I’m going to call this Cheap Trick live album “unofficial” rather than a “bootleg”. Bootlegs tend not to be stocked in Amazon, HMV etc… whereas this one is. There have been quite a lot of these radio broadcast releases lately and, while the recordings will have been floating around as bootlegs for years, they seem to have found a legal route to the shops. I’m guessing there is some loophole regarding the ownership rights to broadcast recordings and these labels are tellingly keeping themselves on the right side of the law by not using the copyrighted band logos. Bootleggers aren’t that shy about stuff like that are they? So… “unofficial” it is.
Recorded in December 1978, the band really were on top of the world: riding high between the release of their successful Heaven Tonight album and the domestic US release of the classic At Budokan. There’s a good deal of crossover between this and the Budokan release but the Passaic audience sounds way rowdier than the Japanese crowd. There are no high-pitched squeals of “Robin!” here. As a result the band performance feels more raucous and less mannered. This is Cheap Trick going for the throat and it puts a fresh, biting spin on the familiar Budokan tracks as well as offering up a couple of lesser-heard tunes too.
The highlights of the set-list prove to be these less familiar tracks. Stiff Competition is absolutely savage with a shredding Robin Zander vocal. I’m also especially blown away by the rendition of Heaven Tonight. It’s not a track I was ever particularly excited about but here it is thrillingly menacing. Another highlight is Big Eyes, opened with an immensely entertaining guitar solo from Rick Nielsen during which he proclaims himself “100,000 times better than Fred Nugent will ever be!” to huge roars of approval. The scamp.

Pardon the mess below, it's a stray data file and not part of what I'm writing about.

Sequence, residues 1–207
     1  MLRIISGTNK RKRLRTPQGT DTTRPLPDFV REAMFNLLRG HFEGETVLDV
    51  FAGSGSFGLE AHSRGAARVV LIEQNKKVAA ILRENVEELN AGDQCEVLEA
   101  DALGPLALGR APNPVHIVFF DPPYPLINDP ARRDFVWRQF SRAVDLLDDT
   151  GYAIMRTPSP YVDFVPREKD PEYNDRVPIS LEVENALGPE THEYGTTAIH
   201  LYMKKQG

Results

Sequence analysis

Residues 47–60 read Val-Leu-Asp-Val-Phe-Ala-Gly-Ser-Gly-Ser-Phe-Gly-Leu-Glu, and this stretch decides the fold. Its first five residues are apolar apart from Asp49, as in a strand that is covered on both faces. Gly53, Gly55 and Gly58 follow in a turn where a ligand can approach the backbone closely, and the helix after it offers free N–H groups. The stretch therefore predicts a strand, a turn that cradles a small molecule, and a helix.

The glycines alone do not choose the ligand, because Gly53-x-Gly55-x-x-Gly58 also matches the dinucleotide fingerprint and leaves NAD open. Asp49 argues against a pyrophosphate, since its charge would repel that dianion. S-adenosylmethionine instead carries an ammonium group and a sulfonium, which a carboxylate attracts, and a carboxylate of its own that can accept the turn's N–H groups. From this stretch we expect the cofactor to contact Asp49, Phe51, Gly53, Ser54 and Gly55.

In general, the sound quality is very good: rough and raw but more evocative of the live atmosphere and excitement than many official live albums. Only Tom Peterson’s bass struggles to be heard on most tracks but makes up for it during Need Your Love, the intro of which sounds like it might have caused structural damage to the venue.
All in all, a great use of £8 and a great live album to add to the collection. I find it thoroughly inspiring hearing such classic acts in the raw and in the case of this and last year’s KISS release, The Ritz on Fire, it feels like I’m discovering the bands for the first time. Again!
As Henry Rollins would say, hearing a band live is the only way to know for sure, and on this evidence you can be very sure of Cheap Trick.
[Cheap Trick – Stiff Competition]